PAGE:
CA Senator Yee Proposes 3D Printer Control, Registration, Background Checks and Licensing

Sen. Leland Yee, c Wall Street Journal

I thought we were supposed to embrace change. Thanks to Defense Distributed, the old model of gun control no longer works. If people can simply print out a gun in the safety and anonymity of their own home, then all the infrastructure that California has put in place to disarm their subjects is completely useless. So what’s the first thing that famed anti-2A state senator Leland Yee proposes? Gun control, chapter one, page one: registration, background checks, and licensing. For printers. Yes, printers . . .

From the Sacramento CBS affiliate:

Video showing a plastic gun being test-fired appeared online last weekend, prompting Yee’s fears.

He’s concerned that just about anyone with access to those cutting-edge printers can arm themselves.

“Terrorists can make these guns and do some horrible things to an individual and then walk away scott-free, and that is something that is really dangerous,” said Yee.

He said while this new technology is impressive, it must be regulated when it comes to making guns. He says background checks, requiring serial numbers and even registering them could be part of new legislation that he says will protect the public.

Civilian disarmament proponents have absolutely no idea how to respond to Defense Distributed’s Liberator, and it’s starting to show. They can’t countenance the idea that their population might actually be able to defend themselves against criminals (of both the petty and the governmental variety), and 3D printing represents a permanent loss of control over that means of self defense.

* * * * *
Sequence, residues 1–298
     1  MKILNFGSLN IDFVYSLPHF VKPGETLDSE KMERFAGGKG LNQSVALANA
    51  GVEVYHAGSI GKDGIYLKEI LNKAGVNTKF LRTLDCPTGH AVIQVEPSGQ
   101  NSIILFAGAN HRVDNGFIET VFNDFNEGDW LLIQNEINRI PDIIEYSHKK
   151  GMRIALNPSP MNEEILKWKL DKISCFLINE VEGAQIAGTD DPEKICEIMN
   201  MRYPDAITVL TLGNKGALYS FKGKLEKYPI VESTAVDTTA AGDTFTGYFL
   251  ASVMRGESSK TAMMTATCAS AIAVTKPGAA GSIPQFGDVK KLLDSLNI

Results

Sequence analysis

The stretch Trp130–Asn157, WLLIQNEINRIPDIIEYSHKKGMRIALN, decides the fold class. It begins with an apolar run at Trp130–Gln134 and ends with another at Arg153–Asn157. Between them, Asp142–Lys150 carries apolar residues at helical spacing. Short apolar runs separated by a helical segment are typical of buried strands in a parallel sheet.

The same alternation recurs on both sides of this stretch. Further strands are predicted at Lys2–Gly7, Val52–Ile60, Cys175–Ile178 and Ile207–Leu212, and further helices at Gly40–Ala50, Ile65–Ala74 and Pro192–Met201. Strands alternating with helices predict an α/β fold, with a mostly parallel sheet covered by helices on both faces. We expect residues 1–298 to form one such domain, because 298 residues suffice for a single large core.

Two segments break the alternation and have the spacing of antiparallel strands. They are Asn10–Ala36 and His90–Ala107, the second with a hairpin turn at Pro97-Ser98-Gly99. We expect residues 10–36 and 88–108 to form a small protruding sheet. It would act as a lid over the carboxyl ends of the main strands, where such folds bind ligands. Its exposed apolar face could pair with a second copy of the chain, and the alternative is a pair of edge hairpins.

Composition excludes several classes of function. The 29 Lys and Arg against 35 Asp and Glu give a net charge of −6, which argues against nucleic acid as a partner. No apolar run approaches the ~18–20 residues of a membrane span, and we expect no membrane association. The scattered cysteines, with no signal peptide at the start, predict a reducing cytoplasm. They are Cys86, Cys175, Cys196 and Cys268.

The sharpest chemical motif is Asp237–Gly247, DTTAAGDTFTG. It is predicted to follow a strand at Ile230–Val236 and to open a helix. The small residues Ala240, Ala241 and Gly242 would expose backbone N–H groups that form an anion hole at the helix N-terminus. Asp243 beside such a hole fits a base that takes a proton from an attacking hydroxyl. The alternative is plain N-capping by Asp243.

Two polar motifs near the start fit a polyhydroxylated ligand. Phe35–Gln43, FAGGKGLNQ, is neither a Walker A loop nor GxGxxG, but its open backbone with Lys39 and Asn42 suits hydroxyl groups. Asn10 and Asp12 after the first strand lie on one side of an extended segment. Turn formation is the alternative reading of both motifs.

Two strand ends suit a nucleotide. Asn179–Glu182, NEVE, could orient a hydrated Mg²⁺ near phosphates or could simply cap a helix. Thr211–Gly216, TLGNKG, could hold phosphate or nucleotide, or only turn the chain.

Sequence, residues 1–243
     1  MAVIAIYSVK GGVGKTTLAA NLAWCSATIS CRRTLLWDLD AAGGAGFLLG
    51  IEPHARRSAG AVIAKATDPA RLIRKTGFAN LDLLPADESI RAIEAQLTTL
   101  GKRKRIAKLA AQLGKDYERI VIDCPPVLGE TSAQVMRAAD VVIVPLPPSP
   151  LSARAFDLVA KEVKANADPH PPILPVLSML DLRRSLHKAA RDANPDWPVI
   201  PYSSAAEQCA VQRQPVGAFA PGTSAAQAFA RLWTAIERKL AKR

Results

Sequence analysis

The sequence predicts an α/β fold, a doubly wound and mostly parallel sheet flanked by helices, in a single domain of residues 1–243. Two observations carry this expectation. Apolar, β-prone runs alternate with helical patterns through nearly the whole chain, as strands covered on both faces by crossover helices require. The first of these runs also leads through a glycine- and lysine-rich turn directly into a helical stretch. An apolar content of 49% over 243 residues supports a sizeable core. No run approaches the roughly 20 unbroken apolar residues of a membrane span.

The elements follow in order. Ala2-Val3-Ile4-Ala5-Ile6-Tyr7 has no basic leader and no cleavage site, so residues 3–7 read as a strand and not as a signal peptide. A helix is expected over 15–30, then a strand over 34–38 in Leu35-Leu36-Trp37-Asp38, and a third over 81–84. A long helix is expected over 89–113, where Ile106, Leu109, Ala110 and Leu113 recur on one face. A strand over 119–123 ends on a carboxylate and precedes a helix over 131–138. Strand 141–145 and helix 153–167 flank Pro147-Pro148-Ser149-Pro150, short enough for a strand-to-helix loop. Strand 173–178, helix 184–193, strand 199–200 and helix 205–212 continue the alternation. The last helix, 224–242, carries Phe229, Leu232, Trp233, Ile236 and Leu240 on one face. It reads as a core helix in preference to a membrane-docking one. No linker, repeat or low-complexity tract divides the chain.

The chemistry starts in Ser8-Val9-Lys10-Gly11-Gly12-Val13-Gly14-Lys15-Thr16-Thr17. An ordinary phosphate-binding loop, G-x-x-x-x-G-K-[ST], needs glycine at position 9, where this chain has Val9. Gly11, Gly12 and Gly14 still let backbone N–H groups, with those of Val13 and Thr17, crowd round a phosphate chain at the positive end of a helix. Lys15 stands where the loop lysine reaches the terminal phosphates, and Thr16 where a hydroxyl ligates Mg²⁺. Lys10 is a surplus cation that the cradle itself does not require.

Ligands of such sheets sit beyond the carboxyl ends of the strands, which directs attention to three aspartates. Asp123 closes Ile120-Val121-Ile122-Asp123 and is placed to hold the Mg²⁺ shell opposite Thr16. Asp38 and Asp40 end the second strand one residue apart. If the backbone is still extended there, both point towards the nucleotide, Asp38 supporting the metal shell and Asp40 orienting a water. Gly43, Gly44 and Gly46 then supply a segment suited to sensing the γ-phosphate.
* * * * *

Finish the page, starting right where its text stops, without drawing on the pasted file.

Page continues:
They can’t handle not being in control, so fall back on what they know, and decide to start regulating one step up that chain. In this case, it’s 3D printers. Which, especially for a state that prides itself on being high-tech, is more than a little ironic. If the younger generation wasn’t already turned off on this Yee character for his crusade against people’s First Amendment right to produce video games, then trying to shut down personal 3D printing in the cradle of Scilicon Valley should start people looking for the pitchforks and torches pretty quickly.

Oh, and even if Yee’s 3D printer control legislation is signed into law, 3D printing is an unstoppable force. Take for example the RepRap project, the entire point of which is to make self replicating 3D printers. Like tribbles, you start with one printer, and you end up with as many as you want for all your friends.

People laugh at us for using the “slippery slope” argument when it comes to gun control. Well, here it is in action. And it ain’t pretty.